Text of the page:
Impact of the Russia-Ukraine War on Agriculture

Russia this week began its war on neighboring Ukraine on the orders of Vladimir Putin. As a major producer and exporter of European agricultural products, Ukraine’s agriculture and food are important strategic economic assets, although this may not have been a major consideration for the Kremlin’s war effort. However, the ongoing war will almost certainly lead to disruptions to the global food supply chain, just as the outbreak of the Covid-19 pandemic has done to supply chains.

Ukraine has long been known as the “granary of Europe”, with an area of 339,000 square kilometers of arable land, ranking tenth in the world and the largest in Europe. It has a quarter of the world’s fertile black soil and contains high levels of elements such as humus, phosphorus, phosphoric acid and ammonia. Industrial ammonia, synthetic nitrogen fertilizers, and other minerals are also Ukraine’s main exports.

When it comes to grain, Ukraine ranks among the top ten in the world for the production of wheat, corn, barley, rye, potatoes and buckwheat (along with several other vegetables, fruits, poultry, eggs and honey). Ukraine’s national flower is the sunflower, and it happens to be the world’s largest producer and exporter of sunflower oil. There are only a few countries in the world that can match Ukraine’s agri-food production capabilities, including Russia, which is invading it.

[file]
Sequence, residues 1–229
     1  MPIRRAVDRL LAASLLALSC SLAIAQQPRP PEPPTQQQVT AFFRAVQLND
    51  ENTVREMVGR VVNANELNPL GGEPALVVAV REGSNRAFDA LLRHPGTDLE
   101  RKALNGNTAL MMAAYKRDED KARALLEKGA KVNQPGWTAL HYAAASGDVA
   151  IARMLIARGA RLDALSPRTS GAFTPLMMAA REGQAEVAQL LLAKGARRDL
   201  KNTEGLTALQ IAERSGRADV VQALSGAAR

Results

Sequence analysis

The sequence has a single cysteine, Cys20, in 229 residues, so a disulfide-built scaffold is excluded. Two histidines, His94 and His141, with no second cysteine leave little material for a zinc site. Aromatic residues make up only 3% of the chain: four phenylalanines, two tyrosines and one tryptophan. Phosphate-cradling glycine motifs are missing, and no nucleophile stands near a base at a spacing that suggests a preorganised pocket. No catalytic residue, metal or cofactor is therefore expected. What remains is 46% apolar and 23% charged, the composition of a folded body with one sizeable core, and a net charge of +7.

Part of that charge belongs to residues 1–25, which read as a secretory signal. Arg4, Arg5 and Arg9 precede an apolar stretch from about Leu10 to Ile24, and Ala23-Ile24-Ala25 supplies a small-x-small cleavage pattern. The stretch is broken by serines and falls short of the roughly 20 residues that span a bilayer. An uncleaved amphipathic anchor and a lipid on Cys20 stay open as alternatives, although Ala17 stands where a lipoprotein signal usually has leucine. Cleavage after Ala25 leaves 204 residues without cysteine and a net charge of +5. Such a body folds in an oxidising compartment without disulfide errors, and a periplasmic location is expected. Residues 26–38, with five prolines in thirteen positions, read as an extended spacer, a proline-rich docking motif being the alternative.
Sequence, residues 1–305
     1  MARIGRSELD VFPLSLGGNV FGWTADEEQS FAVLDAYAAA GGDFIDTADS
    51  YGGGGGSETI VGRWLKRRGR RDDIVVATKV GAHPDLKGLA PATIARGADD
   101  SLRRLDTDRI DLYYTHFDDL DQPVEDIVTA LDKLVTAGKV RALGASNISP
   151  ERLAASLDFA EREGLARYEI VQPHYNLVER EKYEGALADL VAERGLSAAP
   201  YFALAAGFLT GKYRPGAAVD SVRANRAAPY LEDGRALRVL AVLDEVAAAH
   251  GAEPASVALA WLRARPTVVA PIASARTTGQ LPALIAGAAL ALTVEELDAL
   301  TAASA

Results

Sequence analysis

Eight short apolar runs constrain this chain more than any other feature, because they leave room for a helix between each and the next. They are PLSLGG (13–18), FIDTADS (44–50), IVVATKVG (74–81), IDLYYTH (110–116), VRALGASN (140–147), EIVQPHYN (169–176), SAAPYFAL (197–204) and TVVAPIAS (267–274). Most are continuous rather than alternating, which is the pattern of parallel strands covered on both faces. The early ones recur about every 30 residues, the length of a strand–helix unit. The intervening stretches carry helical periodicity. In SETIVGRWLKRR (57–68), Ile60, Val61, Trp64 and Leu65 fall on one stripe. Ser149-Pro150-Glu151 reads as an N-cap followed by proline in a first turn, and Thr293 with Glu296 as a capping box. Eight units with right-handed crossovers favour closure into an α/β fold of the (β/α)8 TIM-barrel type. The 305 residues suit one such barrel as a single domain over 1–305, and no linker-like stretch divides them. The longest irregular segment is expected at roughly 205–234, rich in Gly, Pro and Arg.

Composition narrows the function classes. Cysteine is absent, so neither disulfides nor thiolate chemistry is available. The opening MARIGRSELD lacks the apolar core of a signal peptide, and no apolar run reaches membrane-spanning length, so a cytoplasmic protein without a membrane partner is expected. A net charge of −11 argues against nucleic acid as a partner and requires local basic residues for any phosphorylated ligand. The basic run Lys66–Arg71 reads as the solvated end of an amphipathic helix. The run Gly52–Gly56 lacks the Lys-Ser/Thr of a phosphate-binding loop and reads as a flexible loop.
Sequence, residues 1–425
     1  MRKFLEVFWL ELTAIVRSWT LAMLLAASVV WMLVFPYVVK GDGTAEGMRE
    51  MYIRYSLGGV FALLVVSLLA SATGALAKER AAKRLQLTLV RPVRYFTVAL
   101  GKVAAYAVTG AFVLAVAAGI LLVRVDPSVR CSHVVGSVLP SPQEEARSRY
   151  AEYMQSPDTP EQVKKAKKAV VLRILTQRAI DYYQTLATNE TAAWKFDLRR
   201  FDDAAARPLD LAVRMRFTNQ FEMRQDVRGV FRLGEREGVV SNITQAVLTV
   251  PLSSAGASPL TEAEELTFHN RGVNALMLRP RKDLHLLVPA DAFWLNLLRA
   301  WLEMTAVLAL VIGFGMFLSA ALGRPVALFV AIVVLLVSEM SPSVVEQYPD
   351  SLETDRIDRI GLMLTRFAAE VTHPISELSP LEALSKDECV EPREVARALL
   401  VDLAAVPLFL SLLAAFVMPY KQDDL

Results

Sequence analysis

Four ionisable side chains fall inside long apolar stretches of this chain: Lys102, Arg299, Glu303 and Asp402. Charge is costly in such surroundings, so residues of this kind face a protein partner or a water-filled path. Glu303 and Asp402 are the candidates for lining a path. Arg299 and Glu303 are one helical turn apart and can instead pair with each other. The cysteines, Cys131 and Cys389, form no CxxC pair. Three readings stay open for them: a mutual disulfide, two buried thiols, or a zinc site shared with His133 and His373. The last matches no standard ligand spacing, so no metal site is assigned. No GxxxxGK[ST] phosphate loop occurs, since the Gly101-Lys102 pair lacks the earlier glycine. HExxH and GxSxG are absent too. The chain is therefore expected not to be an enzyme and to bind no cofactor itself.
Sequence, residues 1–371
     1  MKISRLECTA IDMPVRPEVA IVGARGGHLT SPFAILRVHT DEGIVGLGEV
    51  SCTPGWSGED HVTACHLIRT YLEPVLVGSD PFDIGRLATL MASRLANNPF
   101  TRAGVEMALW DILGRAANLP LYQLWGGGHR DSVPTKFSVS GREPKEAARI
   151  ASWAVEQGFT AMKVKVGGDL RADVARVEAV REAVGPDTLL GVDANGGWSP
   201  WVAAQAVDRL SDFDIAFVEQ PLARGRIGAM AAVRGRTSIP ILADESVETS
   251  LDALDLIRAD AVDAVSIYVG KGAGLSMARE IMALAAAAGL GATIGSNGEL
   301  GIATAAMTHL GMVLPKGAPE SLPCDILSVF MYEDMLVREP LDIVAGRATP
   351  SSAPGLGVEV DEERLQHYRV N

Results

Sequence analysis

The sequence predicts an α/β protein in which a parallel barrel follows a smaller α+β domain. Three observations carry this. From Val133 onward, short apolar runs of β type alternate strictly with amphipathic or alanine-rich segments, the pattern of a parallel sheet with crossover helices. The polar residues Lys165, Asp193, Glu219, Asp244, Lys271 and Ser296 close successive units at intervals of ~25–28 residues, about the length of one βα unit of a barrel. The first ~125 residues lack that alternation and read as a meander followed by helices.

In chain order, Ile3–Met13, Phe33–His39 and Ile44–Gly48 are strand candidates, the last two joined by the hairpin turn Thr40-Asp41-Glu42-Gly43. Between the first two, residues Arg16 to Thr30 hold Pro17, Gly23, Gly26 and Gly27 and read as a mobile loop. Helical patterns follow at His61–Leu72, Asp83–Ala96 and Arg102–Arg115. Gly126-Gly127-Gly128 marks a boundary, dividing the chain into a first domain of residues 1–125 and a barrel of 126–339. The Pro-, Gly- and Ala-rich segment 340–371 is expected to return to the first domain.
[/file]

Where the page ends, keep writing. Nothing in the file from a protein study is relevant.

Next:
Russia and Ukraine together produce 14% of the world’s wheat and supply 29% of the world’s wheat exports. These two countries account for 14 percent of global barley production and one-third of global exports. Together, they also contribute 17% of world corn exports, while the combined exports of sunflowers from both countries account for 76% of the global supply.

So it is clear that the actions of the Kremlin will not only directly affect Ukraine’s ability to provide food to the world, but also itself, as the economic sanctions of the international community will bring losses. The impact of the war has reverberated strongly across the globe. Food prices are now at record levels in many parts of the world. In January, the Food and Agriculture Organization’s food price index rose to its highest level since 2011. The index measures monthly changes in the average prices of meat, dairy, grains, vegetable oils and sugars.

FAO’s Food Price Index

A Russian invasion of Ukraine is set to disrupt regional exports, further tighten global commodity supplies and push up inflation, sending food prices even higher. And, in the gloom of war, no shipowner would risk sending ships to warring areas.